Hello!

The biggest secret to being a “profitable” blogger is blogging about your passion. Blogs that are built with a reason of making money usually don’t make it far and do not make money.

You need to update your blog often. Once a day is the BEST but if you cannot do so, try to update it at least 2-3 times a week – this way your readers will see that you update often, they will come back and read your blog again, maybe click on some ads, buy something from your blog…

Blogger.com is great but I prefer WordPress.com
To give you an idea, check out my blog: http://blog.extra-paycheck.com – I built it with WordPress and I do not have any DESIGN or technical skills!

Best of Luck,

Alex

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Posted by mark - March 17, 2017 at 1:27 pm

Categories: Blogging   Tags: , , , ,

Book Publishers – Finding The Best Book Marketing Tips You Can Use Now

Self publishers need to have a good solid marketing plan to sell books and should be written well in advance of writing your book and in place a year prior to publishing your book. Make sure you know you have a market for your book before you write it. If you’ve written a ‘how to’ book you’ll find people are always seeking ‘how to’ information making your book easy to sell; in fact the most sought after items on the Internet are information products. Your book selling, book marketing, and book promotion planning should begin before the manuscript is completed.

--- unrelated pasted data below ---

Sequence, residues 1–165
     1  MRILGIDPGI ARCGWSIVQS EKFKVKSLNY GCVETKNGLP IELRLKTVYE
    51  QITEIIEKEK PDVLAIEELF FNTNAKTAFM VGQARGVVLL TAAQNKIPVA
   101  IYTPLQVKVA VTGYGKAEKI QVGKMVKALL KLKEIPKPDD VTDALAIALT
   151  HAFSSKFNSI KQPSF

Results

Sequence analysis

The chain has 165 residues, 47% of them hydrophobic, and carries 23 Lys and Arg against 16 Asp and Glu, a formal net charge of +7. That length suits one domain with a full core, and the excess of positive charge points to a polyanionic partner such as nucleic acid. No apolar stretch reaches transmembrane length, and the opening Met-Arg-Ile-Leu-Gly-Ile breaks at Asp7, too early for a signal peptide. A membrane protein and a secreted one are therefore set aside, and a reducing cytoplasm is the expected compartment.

Using press releases can be a very effective marketing tool if used properly. Make sure your press release spells out the ‘who, what, where, when, and why.’ Direct mail a press release to all the trade journals in your field over and over again, not just once; you can use the same release.

Your book press release should not be written as you would a sales letter or flier, it should be written for the editor and tell about your book in a factual way, no opinion or glowing remarks. Send out the same press release to the editor of your local daily newspaper every week until you are called for an interview or are written up. Invest in press release submitting software and set aside time every week to send out a press release online to the press directories.

Send out at least ten press releases to the print and broadcast media in your area every month. When picked up by wire services, a press release can easily end up generating hundreds of mentions for your book through syndication.

Contact non-bookstore booksellers and offer to leave books on consignment. Make five telephone calls a day that relate to marketing your book. When you get a nice write up or feature about you and/or your book, have it laminated and set it up on an easel at trade shows.

Book signings don’t sell many books for publishers and are often a waste of time; better to spend it elsewhere. Make sure to promote and market your book each and every day, both online and offline. Make sure not to overlook the Internet; get yourself interviewed or profiled for sites both about writing, publishing and about the topics covered in your book. Place free ads periodically for your book’s website on Craigslist in different categories to drive even more traffic to your website.